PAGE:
Hatred of Israel Sowed the Seeds of Lebanon’s Collapse

A year after a catastrophic explosion tore through Beirut, killing over 200 people and causing untold property damage, no one has been held accountable—although there is little doubt that Hizballah was responsible for the accident. But the Iran-backed terrorist group remains more powerful in Lebanon than ever, even as the country sinks into economic and political collapse. Sean Durns examines how outside forces, eager to use this small state as a platform from which to attack Israel, helped contribute to the current predicament:

To regain credibility [after losing the Six-Day War], the Egyptian ruler Gamal Abdel Nasser began to boost Fatah, [a Palestinian guerrilla group], and its leader, Yasir Arafat. Soon, Arafat gained control of the Palestine Liberation Organization (PLO), an umbrella group that Nasser had created in 1964 to coopt Palestinian nationalism for his own ends.

[In 1969], Nasser pressured Lebanon’s government to allow PLO operatives the use of Southern Lebanon. Unofficially known as the Cairo Agreement, the accord placed more than a dozen Palestinian refugee camps in Lebanon under the control of the PLO. [When in 1970] the PLO lost Jordan as a primary base of operations, Arafat’s influence in Lebanon only grew. . . . The influx of Palestinians and the growing power of the PLO, whose coffers were filled with money from the oil-rich Gulf States and the Soviet Union, were contributing factors to the outbreak of civil war in Lebanon. The internecine conflict began in 1975 and lasted fifteen years, devastating the country.

[Moreover], in the 1970s the PLO helped train the nucleus of what was to become Iran’s Islamic Revolutionary Guards Corps’ (IRGC) Quds Force. This entity would soon birth Hizballah, [an] anti-Semitic terror group that, like the Quds Force and the PLO, sought the destruction of the Jewish state. Hizballah would gain in both power and popularity, launching attacks against the West and Israel. The terrorist organization would use its base in Lebanon to perpetuate and plan attacks, while simultaneously fighting with the Israel Defense Forces in Southern Lebanon.

In the four decades since its rise, Hizballah has taken a broken country and managed to make things even worse. Wars, state-sponsored crime, and misuse of copious amounts of international aid have followed. While the failure of Lebanon has many causes, it can fairly be said that anti-Semitism has played a key role in the country’s deterioration.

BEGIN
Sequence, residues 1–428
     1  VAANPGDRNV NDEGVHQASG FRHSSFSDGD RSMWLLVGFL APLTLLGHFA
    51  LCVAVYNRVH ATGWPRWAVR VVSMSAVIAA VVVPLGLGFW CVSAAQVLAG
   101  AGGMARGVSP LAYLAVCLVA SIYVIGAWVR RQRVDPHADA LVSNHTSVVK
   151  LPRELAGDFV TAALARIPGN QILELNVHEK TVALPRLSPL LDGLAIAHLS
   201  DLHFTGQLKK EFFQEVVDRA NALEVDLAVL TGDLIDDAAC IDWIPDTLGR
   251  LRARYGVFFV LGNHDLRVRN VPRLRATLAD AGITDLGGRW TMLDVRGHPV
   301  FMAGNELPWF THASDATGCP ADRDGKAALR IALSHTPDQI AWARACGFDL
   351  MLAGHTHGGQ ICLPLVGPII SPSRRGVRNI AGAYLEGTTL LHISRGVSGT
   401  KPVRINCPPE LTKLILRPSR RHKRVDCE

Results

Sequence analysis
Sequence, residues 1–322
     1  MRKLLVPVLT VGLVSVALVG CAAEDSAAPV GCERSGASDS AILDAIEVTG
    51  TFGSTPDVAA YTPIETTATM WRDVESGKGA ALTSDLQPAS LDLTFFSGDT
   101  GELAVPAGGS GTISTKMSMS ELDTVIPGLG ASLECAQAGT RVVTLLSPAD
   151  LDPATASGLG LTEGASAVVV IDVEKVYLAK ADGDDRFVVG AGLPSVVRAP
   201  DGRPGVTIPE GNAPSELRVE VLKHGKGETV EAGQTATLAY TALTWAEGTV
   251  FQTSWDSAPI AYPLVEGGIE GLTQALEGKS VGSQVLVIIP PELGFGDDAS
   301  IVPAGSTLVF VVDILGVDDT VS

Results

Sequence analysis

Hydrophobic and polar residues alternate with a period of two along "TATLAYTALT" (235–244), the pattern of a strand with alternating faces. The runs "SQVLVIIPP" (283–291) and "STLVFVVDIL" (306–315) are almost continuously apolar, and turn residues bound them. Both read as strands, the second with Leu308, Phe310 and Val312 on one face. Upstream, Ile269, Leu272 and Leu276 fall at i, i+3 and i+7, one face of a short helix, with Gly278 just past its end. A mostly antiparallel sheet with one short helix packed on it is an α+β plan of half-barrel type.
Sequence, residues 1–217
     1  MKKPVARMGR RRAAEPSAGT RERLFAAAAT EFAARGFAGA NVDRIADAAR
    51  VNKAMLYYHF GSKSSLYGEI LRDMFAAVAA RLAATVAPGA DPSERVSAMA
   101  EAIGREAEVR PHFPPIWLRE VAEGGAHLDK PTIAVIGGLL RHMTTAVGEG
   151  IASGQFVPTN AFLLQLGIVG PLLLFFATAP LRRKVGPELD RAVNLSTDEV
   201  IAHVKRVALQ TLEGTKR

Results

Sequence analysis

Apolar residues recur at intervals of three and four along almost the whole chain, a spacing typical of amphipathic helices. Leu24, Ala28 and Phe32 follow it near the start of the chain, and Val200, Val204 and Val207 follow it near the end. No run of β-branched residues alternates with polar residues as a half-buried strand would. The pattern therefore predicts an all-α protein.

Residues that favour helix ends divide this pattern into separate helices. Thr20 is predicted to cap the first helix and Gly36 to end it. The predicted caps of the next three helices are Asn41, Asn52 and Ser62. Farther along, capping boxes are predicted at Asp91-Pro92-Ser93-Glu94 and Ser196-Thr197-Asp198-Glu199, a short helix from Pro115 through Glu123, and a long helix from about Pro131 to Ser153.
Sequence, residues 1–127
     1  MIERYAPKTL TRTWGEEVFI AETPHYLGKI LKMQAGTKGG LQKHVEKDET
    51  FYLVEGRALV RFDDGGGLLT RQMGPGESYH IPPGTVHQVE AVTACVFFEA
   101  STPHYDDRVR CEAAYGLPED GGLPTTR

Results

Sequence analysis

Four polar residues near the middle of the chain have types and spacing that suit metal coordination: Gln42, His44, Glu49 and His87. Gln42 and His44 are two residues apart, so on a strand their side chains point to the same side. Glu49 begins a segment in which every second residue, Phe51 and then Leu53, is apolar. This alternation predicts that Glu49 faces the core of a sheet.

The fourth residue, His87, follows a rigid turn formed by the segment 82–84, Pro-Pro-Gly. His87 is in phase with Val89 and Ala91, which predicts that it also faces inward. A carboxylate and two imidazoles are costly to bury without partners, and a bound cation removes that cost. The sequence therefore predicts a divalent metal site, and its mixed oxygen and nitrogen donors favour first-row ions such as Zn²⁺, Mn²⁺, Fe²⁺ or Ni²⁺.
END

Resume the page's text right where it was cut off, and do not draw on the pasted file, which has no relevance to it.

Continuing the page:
Read more at JNS

More about: Gamal Abdel Nasser, Hizballah, Lebanon, PLO, Yasir Arafat

An Israeli Buffer Zone in the Gaza Strip Doesn’t Violate International Law

 The IDF announced on Thursday that it is safe for residents to return to some of the towns and villages near the Gaza Strip that have been abandoned since October 7. Yet on the same day, rocket sirens sounded in one of those communities, Kibbutz Mefalsim. To help ensure security in the area, Israel is considering the creation of a buffer zone within the Strip that would be closed to Palestinian civilians and buildings. The U.S. has indicated, however, that it would not look favorably on such a step.

Avraham Shalev explains why it’s necessary:

The creation of a security buffer along the Gaza-Israel border serves the purpose of destroying Hamas’s infrastructure and eliminating the threat to Israel. . . . Some Palestinian structures are practically on the border, and only several hundred yards away from Israeli communities such as Kfar Aza, Kerem Shalom, and Sderot. The Palestinian terrorists that carried out the murderous October 7 attacks crossed into Israel from many of these border-adjacent areas. Hamas officials have already vowed that “we will do this again and again. The al-Aqsa Flood [the October 7th massacre] is just the first time, and there will be a second, a third, a fourth.”

In 2018 and 2019, Hamas and Palestinian Islamic Jihad organized mass marches towards the Israeli border with the goal of breaking into Israel. Billed by Palestinians as “the Great March of Return,” its name reveals its purpose—invasion. Although the marches were supposedly non-violent, they featured largescale attacks on Israeli forces as well as arson and damage to Israeli agriculture and civilian communities. Moreover, the October 7 massacre was made possible by Hamas’s prepositioning military hardware along the border under false cover of civilian activity. The security perimeter is intended to prevent a reprise of these events.

Shalev goes on to dismantle the arguments put forth about why international law prohibits Israel from creating the buffer zone. He notes:

By way of comparison, following the defeat of Nazi Germany, France occupied the Saar [River Valley] directly until 1947 and then indirectly until reintegration with Germany in 1957, and the Allied occupation of Berlin continued until the reunification of Germany in 1990. The Allies maintained their occupation long after the fall of the Nazi regime, due to the threat of Soviet invasion and conquest of West Berlin, and by extension Western Europe.

Read more at Kohelet

More about: Gaza Strip, Gaza War 2023, International Law, Israeli Security